CIVILIZING BEANS

    Beans are often associated with gastrointestinal problems, namely flatulence. It turns out that this is related to the history of the domestication of the bean. Beans, along with maize and squash, were one of the most important crops domesticated by Native Americans in the New World. The benefits of eating beans are best understood when viewed in relation to maize cultivation. From a purely nutritional point of view, beans are a good source of protein while corn is not. Corn is also deficient in the essential amino acids lysine and tryptophan. Eating maize and beans together provides more protein for hardworking farmers. In addition, maize and beans have a mutually beneficial relationship in the garden. Thanks to a symbiotic relationship with a bacteria known as Rhizobium, beans and almost all legumes fix usable nitrogen in the soil, increasing fertility for other plants grown nearby. When intercropped, maize benefits from this nitrogen fixing, and beans benefit from being able to attach their vines to the strong stalks of the maize. Squash, which grows large leaves that spread widely across the ground, are also beneficial to intercrop with maize and beans because the leaves reduce pest and weed invasion by providing ground cover.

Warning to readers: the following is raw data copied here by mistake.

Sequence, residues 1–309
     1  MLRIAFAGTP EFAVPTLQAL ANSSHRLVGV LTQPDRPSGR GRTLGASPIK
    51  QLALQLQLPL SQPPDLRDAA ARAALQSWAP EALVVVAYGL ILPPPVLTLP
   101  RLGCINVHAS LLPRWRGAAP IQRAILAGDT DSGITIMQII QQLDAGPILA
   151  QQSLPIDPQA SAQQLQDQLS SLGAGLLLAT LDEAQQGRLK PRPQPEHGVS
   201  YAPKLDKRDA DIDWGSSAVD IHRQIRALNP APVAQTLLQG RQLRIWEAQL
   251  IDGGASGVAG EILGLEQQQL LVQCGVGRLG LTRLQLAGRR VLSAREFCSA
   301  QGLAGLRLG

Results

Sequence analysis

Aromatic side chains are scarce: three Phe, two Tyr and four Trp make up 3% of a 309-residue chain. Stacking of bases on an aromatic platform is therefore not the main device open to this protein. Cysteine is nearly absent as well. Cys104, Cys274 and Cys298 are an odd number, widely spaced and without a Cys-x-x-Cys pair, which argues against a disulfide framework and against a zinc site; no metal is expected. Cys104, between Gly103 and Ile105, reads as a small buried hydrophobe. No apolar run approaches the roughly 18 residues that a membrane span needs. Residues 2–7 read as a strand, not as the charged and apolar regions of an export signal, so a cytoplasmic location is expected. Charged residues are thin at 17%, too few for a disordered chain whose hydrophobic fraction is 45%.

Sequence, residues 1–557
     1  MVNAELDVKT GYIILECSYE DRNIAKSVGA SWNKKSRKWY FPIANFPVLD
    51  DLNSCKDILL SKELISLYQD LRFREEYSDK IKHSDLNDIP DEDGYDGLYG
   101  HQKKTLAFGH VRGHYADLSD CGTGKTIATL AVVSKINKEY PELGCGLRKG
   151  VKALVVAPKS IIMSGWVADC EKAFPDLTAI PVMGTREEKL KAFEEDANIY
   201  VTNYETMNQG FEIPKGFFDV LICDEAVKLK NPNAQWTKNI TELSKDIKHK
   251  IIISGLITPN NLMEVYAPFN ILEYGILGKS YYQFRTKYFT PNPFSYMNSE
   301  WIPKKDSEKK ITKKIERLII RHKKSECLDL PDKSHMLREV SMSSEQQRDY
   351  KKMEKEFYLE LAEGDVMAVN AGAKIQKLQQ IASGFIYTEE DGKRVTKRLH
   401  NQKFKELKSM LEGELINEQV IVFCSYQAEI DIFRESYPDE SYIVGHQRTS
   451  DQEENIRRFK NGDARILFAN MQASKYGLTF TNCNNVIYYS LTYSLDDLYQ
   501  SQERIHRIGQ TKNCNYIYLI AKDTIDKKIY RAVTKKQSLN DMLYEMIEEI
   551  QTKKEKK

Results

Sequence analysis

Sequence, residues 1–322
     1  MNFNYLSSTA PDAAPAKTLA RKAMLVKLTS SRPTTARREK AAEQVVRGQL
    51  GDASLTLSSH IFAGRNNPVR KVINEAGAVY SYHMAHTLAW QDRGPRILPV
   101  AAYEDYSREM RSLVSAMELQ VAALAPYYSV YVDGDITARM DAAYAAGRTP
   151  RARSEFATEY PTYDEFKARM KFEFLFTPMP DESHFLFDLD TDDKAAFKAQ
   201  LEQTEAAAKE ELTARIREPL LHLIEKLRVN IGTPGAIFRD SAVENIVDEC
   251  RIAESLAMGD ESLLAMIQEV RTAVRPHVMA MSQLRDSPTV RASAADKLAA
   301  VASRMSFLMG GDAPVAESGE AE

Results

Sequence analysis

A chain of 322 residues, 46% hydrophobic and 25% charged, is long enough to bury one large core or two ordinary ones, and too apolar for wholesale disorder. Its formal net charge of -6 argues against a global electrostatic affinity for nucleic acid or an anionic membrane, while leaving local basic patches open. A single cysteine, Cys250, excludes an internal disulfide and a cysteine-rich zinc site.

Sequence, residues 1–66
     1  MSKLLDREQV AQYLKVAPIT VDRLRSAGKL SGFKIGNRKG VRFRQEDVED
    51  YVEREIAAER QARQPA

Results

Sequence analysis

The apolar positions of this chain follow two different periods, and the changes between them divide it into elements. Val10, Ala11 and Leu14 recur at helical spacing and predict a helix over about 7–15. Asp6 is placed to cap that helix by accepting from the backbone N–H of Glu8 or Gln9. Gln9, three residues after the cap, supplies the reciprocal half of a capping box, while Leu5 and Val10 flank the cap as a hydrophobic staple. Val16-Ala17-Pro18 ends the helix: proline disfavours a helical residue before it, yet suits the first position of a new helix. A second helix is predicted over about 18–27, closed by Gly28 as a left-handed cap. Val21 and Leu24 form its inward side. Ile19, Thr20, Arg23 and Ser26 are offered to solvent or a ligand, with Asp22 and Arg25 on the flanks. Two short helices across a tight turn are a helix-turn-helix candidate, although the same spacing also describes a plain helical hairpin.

Despite being nutritious and useful in the garden, beans were domesticated relatively late. In Mexico, there is evidence of bean domestication around 1000 BC, a thousand years later than the domestication of corn.[20] This is probably because of the gastrointestinal problems that come with eating beans. The flatulence is the result of certain chemicals found in the wild beans that were ancestral to today’s domesticated species. The lack of digestibility surely made beans an unappetizing food in early human communities. However, soaking beans before cooking them and then boiling them over direct heat for several hours reduces these chemicals and makes beans much easier to stomach. The ability to boil water was the key to bringing beans to the table.

    Image of a culinary shoe pot used for cooking beans
    Figure \(\PageIndex{2}\): A Culinary Shoe Pot from Oaxaca, Mexico. Courtesy of the Burke Museum of Natural History and Culture, Catalog Number 2009-117/536